From the first part of the entry on “incredible” in my book:
The other day I heard a film reviewer praise a director because he created “incredible characters,” which would literally mean unbelievable characters. What the reviewer meant to say, of course, was precisely the opposite: characters so lifelike as to seem like real people. Intensifiers and superlatives tend to get worn down quickly through overuse and become almost meaningless, but it is wise to be aware of their root meanings so that you don’t unintentionally utter absurdities.
The problem is that when people use these words in this way they are always exaggerating. They mean something like “almost incredible.” This leads to all sorts of contradictory statements.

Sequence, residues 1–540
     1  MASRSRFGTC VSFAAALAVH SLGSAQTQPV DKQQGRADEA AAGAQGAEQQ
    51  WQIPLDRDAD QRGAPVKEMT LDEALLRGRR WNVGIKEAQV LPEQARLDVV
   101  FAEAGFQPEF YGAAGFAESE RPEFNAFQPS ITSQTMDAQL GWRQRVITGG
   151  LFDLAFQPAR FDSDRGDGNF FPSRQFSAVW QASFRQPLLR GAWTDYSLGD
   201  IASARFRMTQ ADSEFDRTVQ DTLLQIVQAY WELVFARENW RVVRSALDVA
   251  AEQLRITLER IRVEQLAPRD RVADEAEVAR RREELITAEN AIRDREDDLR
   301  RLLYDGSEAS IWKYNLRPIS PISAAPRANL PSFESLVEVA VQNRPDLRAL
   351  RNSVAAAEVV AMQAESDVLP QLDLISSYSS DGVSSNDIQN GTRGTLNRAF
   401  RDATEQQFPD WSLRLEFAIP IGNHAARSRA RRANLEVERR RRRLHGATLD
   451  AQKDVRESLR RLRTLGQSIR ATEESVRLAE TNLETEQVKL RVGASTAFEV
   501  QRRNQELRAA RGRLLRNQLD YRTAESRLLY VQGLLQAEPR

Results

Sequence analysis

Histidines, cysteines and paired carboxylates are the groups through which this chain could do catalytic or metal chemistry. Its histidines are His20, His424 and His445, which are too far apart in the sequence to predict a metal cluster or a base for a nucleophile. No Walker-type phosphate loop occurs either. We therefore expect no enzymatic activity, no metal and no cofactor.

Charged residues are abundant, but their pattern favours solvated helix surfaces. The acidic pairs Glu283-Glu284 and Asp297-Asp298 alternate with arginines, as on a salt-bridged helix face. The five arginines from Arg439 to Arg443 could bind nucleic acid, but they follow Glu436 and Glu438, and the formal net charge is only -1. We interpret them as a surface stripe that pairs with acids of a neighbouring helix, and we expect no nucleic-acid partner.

A woman writing about her cheating boyfriend to advice columnist Amy Dickinson says today, “He often denied evidence I found of his possible dalliances and made me believe it was all an unbelievable coincidence.”
The entry for “incredible” in the book inspired National Public Radio’s Scott Simon to write the following blurb, which you’ll find on the back cover of the second edition of Common Errors in English Usage:
I’d call Paul Brians’ book incredible, fabulous, or fantastic, except thanks to him, I know now that none of those words are what I really mean. Let’s just say that Common Errors in English Usage is the most cheerfully useful book I've read since the Kama Sutra.